The Nationals accomplished a big part of their winter to-do list when they acquired Josh Bell from the Pirates on Christmas Eve. “He exemplifies everything we’re trying to do here in Washington,” GM Mike Rizzo told NBCSports’ Todd Dybas and others during a Zoom call this afternoon (via Twitter). Bell fits the clubhouse ethos the Nats work hard to maintain while being a near-perfect on-field fit to join Juan Soto in the middle of the lineup. Ryan Zimmerman could still return to the Nats, per the Athletic’s Britt Ghiroli (via Twitter), as Rizzo notes that a right-handed bench bat remains an area of need [UPDATE: A new contract between Zimmerman and the Nationals “seems inevitable,” Ghiroli hears from sources.]
- Michael Fisher is helping pitchers take a proactive approach to retiring hitters through his data-analytics firm called Codify, Susan Slusser of the San Francisco Chronicle writes. Rather than telling pitchers what they’re doing wrong, he creates heat maps to help pitchers find the right areas to target. He focuses on where they should throw the ball instead of where they shouldn’t. Fisher’s approach works for a number of Oakland A’s pitchers like Jake Diekman, Jesus Luzardo, and Sean Manaea, Giants’ hurlers Tyler Beede and Logan Webb, as well as free agent closer Liam Hendriks.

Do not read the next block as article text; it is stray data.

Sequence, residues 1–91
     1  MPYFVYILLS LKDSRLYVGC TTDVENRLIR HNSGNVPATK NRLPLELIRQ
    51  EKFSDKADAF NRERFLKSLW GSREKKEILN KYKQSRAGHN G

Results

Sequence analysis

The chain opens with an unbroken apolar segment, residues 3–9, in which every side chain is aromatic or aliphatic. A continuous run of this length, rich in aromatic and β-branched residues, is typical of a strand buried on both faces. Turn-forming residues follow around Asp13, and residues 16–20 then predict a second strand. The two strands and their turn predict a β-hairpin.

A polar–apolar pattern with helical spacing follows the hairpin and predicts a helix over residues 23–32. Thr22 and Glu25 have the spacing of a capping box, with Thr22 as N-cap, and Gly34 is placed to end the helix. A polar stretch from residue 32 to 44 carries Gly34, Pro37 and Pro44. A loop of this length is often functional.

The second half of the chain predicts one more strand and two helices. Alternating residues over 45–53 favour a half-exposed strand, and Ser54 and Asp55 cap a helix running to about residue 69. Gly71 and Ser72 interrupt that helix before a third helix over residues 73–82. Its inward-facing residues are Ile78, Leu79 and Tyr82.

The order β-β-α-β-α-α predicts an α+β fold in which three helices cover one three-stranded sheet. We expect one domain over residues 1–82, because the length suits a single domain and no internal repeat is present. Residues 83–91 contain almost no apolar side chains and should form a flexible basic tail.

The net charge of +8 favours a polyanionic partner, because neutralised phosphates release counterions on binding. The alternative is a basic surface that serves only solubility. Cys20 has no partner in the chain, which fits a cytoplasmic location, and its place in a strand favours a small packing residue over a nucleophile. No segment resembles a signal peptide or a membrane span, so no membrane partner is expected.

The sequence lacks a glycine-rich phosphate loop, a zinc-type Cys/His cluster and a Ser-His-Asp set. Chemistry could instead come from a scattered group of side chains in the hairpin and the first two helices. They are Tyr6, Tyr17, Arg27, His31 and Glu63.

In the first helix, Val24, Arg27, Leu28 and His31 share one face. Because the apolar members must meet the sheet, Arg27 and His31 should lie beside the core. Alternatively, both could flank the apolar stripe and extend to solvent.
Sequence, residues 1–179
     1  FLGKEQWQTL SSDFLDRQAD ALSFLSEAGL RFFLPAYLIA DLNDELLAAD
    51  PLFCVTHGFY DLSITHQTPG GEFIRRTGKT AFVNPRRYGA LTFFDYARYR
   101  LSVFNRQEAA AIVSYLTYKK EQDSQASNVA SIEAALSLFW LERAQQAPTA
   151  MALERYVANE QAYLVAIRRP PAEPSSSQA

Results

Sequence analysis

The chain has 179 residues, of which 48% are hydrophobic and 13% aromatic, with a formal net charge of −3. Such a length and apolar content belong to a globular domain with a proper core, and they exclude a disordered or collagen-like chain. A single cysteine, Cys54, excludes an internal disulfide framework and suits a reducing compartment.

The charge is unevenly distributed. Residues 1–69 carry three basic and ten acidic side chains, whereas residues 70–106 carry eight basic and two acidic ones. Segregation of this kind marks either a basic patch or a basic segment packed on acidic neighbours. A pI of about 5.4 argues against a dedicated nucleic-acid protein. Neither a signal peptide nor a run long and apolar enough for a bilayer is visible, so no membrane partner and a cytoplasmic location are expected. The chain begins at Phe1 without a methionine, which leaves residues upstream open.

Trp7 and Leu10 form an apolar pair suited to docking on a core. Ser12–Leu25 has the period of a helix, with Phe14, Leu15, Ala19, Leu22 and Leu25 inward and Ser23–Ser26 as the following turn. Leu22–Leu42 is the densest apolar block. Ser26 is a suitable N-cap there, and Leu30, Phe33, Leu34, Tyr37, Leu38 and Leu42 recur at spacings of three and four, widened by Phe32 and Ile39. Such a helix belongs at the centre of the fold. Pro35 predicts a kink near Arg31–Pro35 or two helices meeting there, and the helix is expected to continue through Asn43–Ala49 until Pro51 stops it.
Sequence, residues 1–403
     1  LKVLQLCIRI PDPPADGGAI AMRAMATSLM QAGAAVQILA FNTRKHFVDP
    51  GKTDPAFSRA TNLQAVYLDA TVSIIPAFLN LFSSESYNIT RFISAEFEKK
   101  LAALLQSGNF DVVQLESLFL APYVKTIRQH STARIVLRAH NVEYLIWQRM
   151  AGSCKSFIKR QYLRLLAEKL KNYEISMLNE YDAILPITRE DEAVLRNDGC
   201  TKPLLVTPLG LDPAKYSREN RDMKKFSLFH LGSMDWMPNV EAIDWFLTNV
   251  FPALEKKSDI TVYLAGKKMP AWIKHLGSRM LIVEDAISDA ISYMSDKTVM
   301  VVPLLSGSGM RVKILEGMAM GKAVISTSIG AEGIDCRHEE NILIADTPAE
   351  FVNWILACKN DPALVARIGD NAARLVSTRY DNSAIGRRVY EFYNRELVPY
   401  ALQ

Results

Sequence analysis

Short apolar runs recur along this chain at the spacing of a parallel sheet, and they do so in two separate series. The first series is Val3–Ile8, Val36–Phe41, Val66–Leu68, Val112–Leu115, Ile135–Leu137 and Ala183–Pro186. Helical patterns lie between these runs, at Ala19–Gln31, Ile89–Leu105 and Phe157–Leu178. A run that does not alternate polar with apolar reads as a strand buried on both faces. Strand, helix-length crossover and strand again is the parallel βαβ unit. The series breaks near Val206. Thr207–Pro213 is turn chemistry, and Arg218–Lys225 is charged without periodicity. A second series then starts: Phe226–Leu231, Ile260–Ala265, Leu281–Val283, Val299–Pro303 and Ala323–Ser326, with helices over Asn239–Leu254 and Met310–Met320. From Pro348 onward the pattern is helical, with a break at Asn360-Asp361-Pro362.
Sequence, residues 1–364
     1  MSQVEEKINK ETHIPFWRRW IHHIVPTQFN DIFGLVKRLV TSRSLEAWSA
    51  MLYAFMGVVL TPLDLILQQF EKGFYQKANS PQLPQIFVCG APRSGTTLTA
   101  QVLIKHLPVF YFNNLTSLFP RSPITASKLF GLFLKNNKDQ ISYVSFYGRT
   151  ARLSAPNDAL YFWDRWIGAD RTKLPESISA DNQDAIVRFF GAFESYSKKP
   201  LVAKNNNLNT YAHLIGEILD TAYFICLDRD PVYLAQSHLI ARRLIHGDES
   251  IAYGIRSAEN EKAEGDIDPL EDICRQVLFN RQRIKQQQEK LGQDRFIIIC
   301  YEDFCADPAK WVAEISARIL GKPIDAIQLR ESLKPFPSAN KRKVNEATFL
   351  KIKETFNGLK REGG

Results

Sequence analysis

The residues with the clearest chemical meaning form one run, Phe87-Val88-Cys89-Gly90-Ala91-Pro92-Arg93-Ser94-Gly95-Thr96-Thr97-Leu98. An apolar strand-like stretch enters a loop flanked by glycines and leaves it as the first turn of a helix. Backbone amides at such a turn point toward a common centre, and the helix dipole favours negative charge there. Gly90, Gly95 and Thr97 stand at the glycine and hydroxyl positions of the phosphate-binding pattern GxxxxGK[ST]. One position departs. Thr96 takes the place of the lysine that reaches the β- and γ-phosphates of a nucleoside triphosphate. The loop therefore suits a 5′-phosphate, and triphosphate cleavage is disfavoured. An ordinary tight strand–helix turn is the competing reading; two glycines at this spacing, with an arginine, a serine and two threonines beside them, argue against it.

- Despite the additions already made this offseason, the White Sox could use some more rotation depth, a closer, and a designated hitter, writes Peter Abraham of the Boston Globe. Andrew Vaughn could be called upon to fill that designated hitter role or to spell MVP Jose Abreu at first base. Vaughn figured to be a fast-riser when the White Sox made him the No. 3 overall selection of the 2019 draft, and he made it to High-A in his first professional season. Had there been a minor league season in 2020, Vaughn might be ready for the Show, but under the circumstances, the Sox could look for a stopgap solution to give Vaughn some seasoning time and further build their offensive depth.